- Buprenorphine: Another long-acting partial opioid agonist, buprenorphine also fills opioid receptors for a longer amount of time than tramadol; however, buprenorphine is only a partial opioid agonist, meaning it shouldn’t activate these receptors in the same way. While it can help minimize opioid withdrawal symptoms, it shouldn’t cause a person to feel “high” or produce the same mind-altering effects. Buprenorphine may also have a plateau effect, meaning that if someone attempts to take more than the recommended dose, the drug will no longer produce any effect, thus reducing the desire to abuse it. The Substance Abuse and Mental Health Services Administration (SAMHSA) publishes that there are four types of buprenorphine products approved by the FDA for the treatment of opioid dependency: Subutex and other buprenorphine transmucosal products, Zubsolv, Suboxone, and Bunavail. Suboxone, Zubsolv, and Bunavail all contain buprenorphine and the opioid antagonist naloxone. If the product is abused, naloxone can precipitate withdrawal symptoms and therefore acts as an abuse-deterrent. Buprenorphine products containing naloxone may be helpful to prevent relapse, and they are optimal when used after the initial stages of detox.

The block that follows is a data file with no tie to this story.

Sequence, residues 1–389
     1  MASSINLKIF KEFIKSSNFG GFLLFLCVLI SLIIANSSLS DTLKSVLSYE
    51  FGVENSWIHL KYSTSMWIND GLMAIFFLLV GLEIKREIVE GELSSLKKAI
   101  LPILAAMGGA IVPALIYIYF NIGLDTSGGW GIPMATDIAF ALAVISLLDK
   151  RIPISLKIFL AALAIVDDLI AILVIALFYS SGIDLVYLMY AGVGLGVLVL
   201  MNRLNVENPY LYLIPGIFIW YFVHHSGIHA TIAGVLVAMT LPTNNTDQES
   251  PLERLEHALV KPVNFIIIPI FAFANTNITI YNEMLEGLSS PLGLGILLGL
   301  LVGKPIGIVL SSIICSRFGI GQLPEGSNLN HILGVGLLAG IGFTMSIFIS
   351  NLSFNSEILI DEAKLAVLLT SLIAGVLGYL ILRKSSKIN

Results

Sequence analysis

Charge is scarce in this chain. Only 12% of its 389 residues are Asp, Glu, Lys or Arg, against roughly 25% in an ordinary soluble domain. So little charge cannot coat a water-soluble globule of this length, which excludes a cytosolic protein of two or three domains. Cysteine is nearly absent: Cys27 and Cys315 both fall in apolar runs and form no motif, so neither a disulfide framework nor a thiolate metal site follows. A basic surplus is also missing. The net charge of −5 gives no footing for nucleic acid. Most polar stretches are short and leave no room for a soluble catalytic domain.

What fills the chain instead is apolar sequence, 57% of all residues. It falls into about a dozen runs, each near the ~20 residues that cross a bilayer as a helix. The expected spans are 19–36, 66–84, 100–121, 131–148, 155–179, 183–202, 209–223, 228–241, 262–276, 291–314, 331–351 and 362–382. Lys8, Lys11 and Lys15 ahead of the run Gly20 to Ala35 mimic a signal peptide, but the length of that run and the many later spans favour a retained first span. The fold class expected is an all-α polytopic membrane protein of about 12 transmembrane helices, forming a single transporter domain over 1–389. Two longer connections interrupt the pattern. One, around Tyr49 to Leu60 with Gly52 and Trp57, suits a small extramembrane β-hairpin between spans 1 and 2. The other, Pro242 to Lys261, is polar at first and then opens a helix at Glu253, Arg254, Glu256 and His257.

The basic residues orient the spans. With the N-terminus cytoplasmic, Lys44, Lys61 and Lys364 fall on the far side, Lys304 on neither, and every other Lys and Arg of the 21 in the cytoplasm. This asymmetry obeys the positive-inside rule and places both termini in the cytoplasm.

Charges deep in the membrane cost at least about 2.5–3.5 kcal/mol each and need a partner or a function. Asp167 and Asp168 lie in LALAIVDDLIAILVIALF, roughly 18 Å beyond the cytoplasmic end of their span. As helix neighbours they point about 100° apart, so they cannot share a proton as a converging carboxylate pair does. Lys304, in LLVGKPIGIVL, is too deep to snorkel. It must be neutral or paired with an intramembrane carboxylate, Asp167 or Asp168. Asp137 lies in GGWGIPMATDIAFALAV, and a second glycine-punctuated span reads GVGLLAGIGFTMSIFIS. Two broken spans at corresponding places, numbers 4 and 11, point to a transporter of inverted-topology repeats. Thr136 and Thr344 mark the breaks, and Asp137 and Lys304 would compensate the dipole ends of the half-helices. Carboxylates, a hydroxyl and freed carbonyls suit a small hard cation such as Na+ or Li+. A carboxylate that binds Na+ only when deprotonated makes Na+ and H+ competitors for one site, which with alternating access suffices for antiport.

- Naltrexone: As an opioid antagonist, naltrexone may be best suited for use after early withdrawal, when tramadol is fully removed from the body to maintain opioid abstinence. Naltrexone products include Vivitrol, ReVia, and Depade, the National Institute on Drug Abuse (NIDA) reports. They work by blocking opioid receptors from being activated by opioid drugs.